Wednesday, May 19, 2010

The Little Mystery of the Trains of Littlefield

      There's been a longstanding conflict among the citizens of the town of Littlefield. Some of the residents are convinced their town was the setting for a miracle. Others insist the event can be understood through rational processes.
      It all began early on a foggy morning many years ago, when Olaf Nielssen climbed into the engine of his train in Calico, fifty miles west of Littlefield. His fireman looked concerned; the old Norwegian engineer had that set to his jaw that said he'd had another argument with his wife, and would be stubborn, pigheaded, and obnoxious all day.
      At the same time, Sam Gibbons stumbled into the engine of his train, in Sea Flats, fifty miles east of Littlefield. Sam's fireman shook his head. The engineer had been drinking again. It was going to be a long day.
      The trains set off at seven A.M., one eastbound, one westbound, and an hour and a half later, as they approached Littlefield, Harold Mallon, the stationmaster, walked out onto the platform, and to his horror, saw the trains speeding toward each other on the same track. The westbound train was supposed to slow, permitting the eastbound train to be shunted aside to another track. But both trains were going full speed ahead.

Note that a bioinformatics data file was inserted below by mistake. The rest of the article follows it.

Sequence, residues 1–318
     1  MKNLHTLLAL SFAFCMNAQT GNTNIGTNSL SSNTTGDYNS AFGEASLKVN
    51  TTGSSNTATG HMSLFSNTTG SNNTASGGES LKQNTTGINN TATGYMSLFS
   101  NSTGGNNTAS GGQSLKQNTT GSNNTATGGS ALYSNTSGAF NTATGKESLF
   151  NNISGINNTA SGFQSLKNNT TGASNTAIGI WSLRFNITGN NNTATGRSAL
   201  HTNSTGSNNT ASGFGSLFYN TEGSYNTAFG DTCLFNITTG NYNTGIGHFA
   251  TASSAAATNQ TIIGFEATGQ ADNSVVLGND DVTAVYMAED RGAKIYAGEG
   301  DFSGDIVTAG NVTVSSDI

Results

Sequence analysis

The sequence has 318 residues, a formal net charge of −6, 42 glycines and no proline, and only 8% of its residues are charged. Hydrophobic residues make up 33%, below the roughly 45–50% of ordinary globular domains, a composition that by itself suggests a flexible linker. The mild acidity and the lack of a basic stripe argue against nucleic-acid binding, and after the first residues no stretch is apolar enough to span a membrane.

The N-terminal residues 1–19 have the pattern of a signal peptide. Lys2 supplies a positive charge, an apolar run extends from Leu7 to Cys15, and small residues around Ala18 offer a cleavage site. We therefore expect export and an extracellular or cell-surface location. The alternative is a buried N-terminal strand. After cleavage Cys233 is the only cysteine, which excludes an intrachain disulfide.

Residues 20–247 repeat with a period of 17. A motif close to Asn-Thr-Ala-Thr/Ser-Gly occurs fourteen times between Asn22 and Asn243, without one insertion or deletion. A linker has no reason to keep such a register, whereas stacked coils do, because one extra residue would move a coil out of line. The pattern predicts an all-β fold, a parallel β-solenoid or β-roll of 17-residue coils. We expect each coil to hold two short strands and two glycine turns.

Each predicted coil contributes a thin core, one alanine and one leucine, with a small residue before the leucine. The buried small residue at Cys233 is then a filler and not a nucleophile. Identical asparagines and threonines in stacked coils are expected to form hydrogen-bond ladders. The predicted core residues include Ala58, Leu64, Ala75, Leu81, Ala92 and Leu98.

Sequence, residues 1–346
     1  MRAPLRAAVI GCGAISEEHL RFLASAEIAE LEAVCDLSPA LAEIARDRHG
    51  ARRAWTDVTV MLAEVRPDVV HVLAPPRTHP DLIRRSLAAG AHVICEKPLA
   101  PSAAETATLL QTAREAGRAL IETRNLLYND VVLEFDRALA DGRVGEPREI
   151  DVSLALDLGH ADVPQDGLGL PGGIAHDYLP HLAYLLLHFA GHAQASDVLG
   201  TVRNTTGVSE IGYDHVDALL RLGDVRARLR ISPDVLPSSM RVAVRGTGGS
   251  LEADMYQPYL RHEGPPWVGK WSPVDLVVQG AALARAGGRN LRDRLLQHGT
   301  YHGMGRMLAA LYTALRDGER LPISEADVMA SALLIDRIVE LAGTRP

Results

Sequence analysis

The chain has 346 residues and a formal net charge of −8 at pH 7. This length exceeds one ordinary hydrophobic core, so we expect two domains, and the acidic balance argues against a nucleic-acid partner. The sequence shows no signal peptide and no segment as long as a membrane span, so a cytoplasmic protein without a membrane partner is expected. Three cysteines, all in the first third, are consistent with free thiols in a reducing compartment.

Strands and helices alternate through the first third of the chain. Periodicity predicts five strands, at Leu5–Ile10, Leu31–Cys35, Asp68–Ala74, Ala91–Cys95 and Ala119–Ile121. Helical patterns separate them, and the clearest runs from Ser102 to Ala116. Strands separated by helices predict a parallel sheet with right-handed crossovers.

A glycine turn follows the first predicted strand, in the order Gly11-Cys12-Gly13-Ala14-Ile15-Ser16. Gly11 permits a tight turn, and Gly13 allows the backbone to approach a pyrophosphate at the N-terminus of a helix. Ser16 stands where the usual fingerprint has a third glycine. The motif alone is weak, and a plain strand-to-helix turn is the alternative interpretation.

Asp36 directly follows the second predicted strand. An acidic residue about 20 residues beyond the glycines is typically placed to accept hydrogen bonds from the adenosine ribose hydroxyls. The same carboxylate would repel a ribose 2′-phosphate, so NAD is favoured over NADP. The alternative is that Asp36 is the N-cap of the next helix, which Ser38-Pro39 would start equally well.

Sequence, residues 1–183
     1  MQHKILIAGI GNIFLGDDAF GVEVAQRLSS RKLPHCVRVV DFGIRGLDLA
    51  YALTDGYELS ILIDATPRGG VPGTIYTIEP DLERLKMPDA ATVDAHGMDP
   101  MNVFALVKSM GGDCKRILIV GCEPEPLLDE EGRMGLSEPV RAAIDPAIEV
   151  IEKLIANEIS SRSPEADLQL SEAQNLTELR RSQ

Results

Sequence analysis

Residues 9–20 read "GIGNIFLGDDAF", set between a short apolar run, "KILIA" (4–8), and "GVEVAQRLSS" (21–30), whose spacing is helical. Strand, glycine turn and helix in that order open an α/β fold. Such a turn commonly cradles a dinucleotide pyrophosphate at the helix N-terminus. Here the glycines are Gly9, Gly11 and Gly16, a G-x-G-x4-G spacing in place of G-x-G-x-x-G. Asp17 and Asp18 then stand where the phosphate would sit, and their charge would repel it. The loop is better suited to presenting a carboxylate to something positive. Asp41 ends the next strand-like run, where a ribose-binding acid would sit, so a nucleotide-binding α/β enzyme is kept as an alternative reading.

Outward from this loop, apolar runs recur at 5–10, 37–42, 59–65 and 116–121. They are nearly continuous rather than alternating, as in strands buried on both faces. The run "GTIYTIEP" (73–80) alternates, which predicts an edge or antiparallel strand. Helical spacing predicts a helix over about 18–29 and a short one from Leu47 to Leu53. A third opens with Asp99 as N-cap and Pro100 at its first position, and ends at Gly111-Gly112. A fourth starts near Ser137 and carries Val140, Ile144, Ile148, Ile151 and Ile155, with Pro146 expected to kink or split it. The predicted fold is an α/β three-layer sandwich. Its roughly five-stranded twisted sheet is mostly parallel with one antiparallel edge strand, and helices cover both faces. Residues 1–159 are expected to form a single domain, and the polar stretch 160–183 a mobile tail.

The reason why the westbound train didn't slow was that Sam Gibbons, drunk as a lord, had passed out atop the throttle. The fireman had tried to pull the engineer away from the controls, but slipped on some oil on the floor and knocked himself cold.  
      On the eastbound train, the fireman pleaded with Olaf Nielssen to hit the brake, but the engineer shook his head. By gum, he had the right of way. He was not about to yield.
      As the trains approached, hell-bent for leather, Harold Mallon buried his head in his hands, and waited to hear the horrible crash. But it never came. A moment later, the stationmaster peeled his fingers off his face, and to his astonishment, saw the two trains, still on the same track, vanishing eastbound and westbound.
      To this day, Littlefield remains divided. Half the citizens are certain divine intervention spared their town a disaster. The other half claim that the event is easily explained through straightforward logic and reason: Norse is Norse and Souse is Souse, and never the trains shall meet.

      OK, I've got that out of my system for a while. I'll be better behaved next week.


carl brookins said...

OF COURSE I looked!
The setup is deliciously funny.

Anonymous said...